#1.) Centrifugal Casting Replaced Complex Fabrication
Controllable pitch propulsion (CPP) systems provide the ability to alter the angle of the ship’s propeller while in use, allowing for different performance during cruising and maneuvering. A centrifugal hub provides the strength and size needed to transfer up to 50,000 shaft horsepower to five attached propeller blades. The hub and 15 other accessories that MetalTek produces for the CPP must perform in corrosive environments for the life of the vessel. Fabrications previously used were very intricate, with multiple pieces and welds, and much machining. The single piece nickel aluminum bronze hub that MetalTek has supplied for 35 years is the largest, most complex centrifugal casting ever produced. The use of a single piece part in this application eliminates welded joints and defects in those fabrications that are only discovered after finished machining.

#2.) Fabrication Could Not Achieve Dimensional Stability
International research, including that done in conjunction with the DOE, strives to create conditions in the lab necessary to support nuclear fusion.  Huge machinery, such as the “Z-Machine”, can create temperatures of 2.9 million °F (1.6 million °C) for fractions of a second.  Integral components must have the ability to conduct electricity and perform in the machine’s water cooling system.  Attempts to use fabrications in those applications were abandoned because dimensional stability could not be achieved.  The customer came to MetalTek for a casting solution, a particularly challenging one because of the product’s large size.  MetalTek specializes in large investment castings, and now supplies products with better dimensional consistency than was available with a fabrication.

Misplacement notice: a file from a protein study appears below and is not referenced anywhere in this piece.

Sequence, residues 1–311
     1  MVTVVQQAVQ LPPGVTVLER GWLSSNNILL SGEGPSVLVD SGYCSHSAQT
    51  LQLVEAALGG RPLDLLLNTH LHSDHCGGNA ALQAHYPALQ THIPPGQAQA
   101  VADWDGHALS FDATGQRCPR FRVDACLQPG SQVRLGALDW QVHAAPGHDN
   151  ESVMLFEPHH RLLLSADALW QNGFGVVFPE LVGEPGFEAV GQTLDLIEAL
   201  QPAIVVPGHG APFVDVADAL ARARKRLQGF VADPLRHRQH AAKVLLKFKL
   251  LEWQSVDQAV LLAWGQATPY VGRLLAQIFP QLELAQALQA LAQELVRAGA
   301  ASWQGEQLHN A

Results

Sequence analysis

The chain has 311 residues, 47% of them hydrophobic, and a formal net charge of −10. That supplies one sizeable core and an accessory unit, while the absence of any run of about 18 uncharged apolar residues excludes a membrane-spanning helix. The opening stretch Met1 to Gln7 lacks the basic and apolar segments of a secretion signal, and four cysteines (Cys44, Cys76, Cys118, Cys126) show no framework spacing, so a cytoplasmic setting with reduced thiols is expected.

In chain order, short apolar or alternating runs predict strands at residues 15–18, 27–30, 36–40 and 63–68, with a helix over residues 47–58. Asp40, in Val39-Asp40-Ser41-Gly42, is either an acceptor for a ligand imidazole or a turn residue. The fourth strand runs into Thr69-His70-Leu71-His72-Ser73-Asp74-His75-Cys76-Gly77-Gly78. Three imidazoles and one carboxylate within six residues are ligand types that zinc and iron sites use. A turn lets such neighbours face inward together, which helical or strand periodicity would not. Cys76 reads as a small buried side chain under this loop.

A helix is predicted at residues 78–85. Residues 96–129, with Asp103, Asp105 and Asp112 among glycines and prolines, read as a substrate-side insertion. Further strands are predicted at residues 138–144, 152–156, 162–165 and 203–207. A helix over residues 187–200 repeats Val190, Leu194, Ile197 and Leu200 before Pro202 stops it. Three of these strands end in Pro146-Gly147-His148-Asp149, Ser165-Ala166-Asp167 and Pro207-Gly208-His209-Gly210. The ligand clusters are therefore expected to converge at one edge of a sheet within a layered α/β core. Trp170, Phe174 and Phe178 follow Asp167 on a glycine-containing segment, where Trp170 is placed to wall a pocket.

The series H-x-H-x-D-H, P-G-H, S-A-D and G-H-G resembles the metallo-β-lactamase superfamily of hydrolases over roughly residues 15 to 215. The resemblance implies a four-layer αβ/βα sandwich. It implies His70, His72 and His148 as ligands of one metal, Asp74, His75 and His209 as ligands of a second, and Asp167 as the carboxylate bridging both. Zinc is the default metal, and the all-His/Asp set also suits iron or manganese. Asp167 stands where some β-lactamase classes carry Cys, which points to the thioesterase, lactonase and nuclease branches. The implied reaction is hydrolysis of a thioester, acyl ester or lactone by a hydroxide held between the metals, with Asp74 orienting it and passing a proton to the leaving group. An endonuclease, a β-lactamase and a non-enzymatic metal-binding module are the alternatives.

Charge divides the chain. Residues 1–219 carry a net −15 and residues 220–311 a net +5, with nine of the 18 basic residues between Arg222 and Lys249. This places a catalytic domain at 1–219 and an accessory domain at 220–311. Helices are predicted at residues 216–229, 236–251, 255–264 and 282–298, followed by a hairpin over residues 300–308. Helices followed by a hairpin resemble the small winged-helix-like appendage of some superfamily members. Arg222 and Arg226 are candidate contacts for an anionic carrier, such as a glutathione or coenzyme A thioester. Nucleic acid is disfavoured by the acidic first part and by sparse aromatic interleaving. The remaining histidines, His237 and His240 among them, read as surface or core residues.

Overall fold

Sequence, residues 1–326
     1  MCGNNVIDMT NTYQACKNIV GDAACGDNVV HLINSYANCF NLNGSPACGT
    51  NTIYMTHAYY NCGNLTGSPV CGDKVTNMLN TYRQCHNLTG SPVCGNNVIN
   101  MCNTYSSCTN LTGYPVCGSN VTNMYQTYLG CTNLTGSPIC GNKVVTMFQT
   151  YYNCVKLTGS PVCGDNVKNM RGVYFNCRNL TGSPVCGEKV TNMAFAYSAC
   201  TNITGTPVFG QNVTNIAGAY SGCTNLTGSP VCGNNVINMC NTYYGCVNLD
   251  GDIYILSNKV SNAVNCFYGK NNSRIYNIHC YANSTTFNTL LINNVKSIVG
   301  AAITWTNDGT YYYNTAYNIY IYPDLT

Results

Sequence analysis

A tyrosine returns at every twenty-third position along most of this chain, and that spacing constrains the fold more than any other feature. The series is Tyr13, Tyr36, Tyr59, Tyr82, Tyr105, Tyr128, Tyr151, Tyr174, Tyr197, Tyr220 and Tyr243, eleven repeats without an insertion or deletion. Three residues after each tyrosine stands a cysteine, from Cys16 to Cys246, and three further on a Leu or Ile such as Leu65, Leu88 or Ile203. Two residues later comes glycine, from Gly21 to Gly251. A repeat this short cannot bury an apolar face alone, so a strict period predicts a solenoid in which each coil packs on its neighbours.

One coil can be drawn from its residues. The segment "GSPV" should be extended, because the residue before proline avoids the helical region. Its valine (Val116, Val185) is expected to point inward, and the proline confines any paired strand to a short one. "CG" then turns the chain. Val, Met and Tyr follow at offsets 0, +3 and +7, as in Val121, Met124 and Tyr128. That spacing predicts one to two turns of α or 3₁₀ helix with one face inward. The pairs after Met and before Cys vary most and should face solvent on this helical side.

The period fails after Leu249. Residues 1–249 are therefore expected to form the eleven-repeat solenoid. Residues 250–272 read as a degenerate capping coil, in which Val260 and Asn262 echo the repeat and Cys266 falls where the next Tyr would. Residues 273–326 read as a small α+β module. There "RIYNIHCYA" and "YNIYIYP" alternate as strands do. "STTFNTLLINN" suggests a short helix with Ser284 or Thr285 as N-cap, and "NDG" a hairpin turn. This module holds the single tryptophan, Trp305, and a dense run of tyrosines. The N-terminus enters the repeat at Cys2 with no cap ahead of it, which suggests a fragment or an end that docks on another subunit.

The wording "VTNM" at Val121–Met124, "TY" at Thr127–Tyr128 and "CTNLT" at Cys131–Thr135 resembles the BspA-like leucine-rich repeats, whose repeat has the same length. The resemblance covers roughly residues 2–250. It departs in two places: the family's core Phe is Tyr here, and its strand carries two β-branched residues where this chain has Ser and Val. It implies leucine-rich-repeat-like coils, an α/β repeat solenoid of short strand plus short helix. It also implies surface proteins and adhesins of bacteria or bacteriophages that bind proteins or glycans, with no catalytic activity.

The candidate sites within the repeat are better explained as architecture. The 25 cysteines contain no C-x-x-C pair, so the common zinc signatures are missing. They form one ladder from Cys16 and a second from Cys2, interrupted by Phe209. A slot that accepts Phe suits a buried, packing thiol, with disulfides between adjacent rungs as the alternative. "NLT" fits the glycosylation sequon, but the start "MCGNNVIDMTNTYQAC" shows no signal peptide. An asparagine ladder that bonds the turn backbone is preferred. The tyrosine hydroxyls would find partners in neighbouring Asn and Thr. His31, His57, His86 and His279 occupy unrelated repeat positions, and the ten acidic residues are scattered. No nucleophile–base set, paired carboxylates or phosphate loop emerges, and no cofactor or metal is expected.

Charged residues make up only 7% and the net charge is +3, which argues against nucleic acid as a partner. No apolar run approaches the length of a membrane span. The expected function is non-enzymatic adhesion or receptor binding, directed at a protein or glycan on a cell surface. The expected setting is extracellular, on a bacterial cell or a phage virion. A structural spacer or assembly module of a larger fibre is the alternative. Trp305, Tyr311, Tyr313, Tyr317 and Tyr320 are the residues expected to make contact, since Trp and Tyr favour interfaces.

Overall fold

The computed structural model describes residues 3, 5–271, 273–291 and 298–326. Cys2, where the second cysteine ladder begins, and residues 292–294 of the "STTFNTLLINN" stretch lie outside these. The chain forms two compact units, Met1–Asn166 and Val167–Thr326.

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Topics: Investment Casting, Sand Casting, Centrifugal Casting, Continuous Casting, Process Selection, Casting Process, Lost Wax Casting, Conversion

What Makes A Good Conversion To A Metal Casting?

Posted by Dave Olsen on 10/15/18 3:40 PM

There are often alternative ways to manufacture any given component.  Sometimes the first way chosen to manufacture a component is not the best way.  There may be a number of reasons for that.  Perhaps one has an expertise or bias for machining, or welding, or forging, or casting, or assembly.  Components may end up being produced in a way that is familiar and functionally adequate, but less than optimal in terms of performance, cost, or quality.

There may come a time in any product’s life when it makes sense to investigate alternative methods of manufacture.  Such evaluation would be to convert a hog-out, forging, or multi-piece weldment to a single piece casting.  

What makes a good conversion?
Among the factors to consider when deciding if a design is a candidate for a conversion to a casting are cost, quality, and performance.

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Topics: Investment Casting, Sand Casting, Centrifugal Casting, Continuous Casting, Conversion